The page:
1. I was hoping Yedioth Ahronoth columnist Sima Kadmon would go on a tirade against Shimon Peres' lavish birthday celebrations.
Surely, I thought, there would be some criticism over the embarrassing flattery. Perhaps a critical tweet; a bird's-eye view of the President's Residence; details on the Peres Academic Center; copies of the invoices showing the costs. But to no avail.
Yedioth Ahronoth, which used to have a country and now has Shimon Peres, picks and choose those who deserve criticism according to its own criteria. Peres' birthday is a case study that underscores the paper's outrageous conduct. As far as the paper is concerned, reporting improprieties cannot possibly outweigh its quest to settle old scores; its proteges must be protected, even if they are convicted criminals.
Do you recall how the media went into overdrive mode when the prime minister's plane was fitted with a bed? Do you remember all the half-truths that were reported and hypocrisy of the media's coverage? Thank goodness we have a president who can teach us a thing or two on journalistic etiquette and how not to provide excessive coverage.
2. The Left has all the intrigues of a Hassidic dynasty; it has a whole array of self-proclaimed heirs to the rebbe, in this case Shimon Peres. Former Meretz leader and cabinet minister Yossi Sarid (who is now a columnist in the daily Haaretz) is one of Peres' challengers. Sarid, a know-it-all, serves as a rebbe of a solemn and fiery community within the Left. "I am more righteous," Sarid cries out at every opportunity. "I should be the Left's rebbe; Hassids should give me notes with their prayers so that I could give them my blessings."
Sarid has established himself as Mr. Clean by sliming other people. He has done so for years, hoping such behavior would tarnish his opponents but keep him immune to criticism. Just browse the archives. He follows a particular template. In many cases he assumes the role of a perpetual antagonists as he levels his vile criticism on others. The subject of his criticism has to listen as Sarid lists his many faults, ridicules him and looks down on him. Then Sarid recounts how he behaved differently when faced with a similar situation himself. He may choose to change the order of things. This is new journalism indeed.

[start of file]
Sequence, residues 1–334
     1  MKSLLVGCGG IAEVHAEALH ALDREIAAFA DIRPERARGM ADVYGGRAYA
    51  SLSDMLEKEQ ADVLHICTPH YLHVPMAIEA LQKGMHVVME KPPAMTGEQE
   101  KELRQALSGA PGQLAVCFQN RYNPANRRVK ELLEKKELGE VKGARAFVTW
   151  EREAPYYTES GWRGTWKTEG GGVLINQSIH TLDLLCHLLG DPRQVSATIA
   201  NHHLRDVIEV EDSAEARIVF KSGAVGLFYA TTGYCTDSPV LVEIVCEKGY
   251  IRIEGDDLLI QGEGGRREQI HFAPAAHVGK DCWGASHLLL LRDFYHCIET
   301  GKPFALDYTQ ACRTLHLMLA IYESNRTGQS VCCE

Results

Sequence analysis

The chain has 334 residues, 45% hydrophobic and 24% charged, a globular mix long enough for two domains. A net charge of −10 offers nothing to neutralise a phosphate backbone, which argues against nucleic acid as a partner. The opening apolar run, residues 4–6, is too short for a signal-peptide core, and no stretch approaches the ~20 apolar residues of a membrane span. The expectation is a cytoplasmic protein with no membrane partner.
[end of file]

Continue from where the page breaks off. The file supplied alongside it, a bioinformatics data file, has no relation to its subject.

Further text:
Our sages called this "profiting from the disparaging of others." In other words, this is a case in which one tramples others for the sake of personal gain.
Last week, Sarid confided with Haaretz readers that when he was education minister he was startled to find out that the state contributed 170 million shekels ($47.2 million ) to Charles R. Bronfman's Karev Program for Educational Involvement, while Bronfman himself had only chipped in 10 million shekels ($2.79 million). That's not nice. So Sarid summoned Bronfman and protested, albeit politely. An insulted Bronfman contacted then-Prime Minister Ehud Barak, who scolded Sarid. The latter defended himself, saying he was simply doing his job as education minister. So the moral of the story is that Sarid, unlike Peres, knows how to confront the rich and powerful, does not cozy up to them and does not seek personal contributions.
Is that really the case? Well, the story suggests that Sarid has effectively let this whole affair slide. Aside from his protestations, he changed nothing. Why has he not shared this story in the past? Investigative journalist Yoav Yitzhak makes a valid point: Bronfman was among Barak's biggest donors, and this was well known at the time. Sarid claims he was not aware of that at the time. What about Meretz's fundraising machine when Sarid was party leader? Well, the righteous Sarid had no problem presiding over that controversial apparatus.
3. And now, to a different president. Former U.S. President Bill Clinton's speech this week at the Peres Academic Center in Rehovot, was very much like one of Peres' speeches; it was, on the face of it, a well-thought out speech. Foreign speakers and the Israeli Left always imbue their rhetoric with rationality. Our Talmudic sages, in a different context altogether, applied reason as well. They famously ruled that when two people claim ownership over a garment, they must share it.
The Left, in large part drawing on the vision of the Oslo Accords, has manufactured a big lie: The conflict with our neighbors is just like the garment parable. Not a week goes by without some peace sage depicting the conflict in these rationalized Talmudic terms. Some of them take it to an extreme and lay the blame squarely on Israel. "If only Israel made another gesture, our neighbors would be content," they often say.
But this is not the case. In July 2000, Barak put on the table unprecedented offers. PLO Chairman Yasser Arafat turned them down. Clinton witnessed all that. In 2008, Prime Minister Ehud Olmert went even further and was willing to make even more preposterous concessions. Palestinian Authority President Mahmoud Abbas did not answer. In 2009, Prime Minister Benjamin Netanyahu announced a 10-month freeze on Jewish construction in Judea and Samaria. Abbas and his comrades said nothing.
The truth of the matter is that this was never a "rational" conflict over territory. This is an existential struggle. It's us or them. The peace delusionists are blind to the facts. Why would they make an about-face if the world showers them with praise and treats them like royalty? Under the auspices of the Oslo Accords, the term "peace" has been devoid of its original meaning and has become an industry in which people promote themselves by disparaging others who are not willing to let Israel's fate hang in the balance.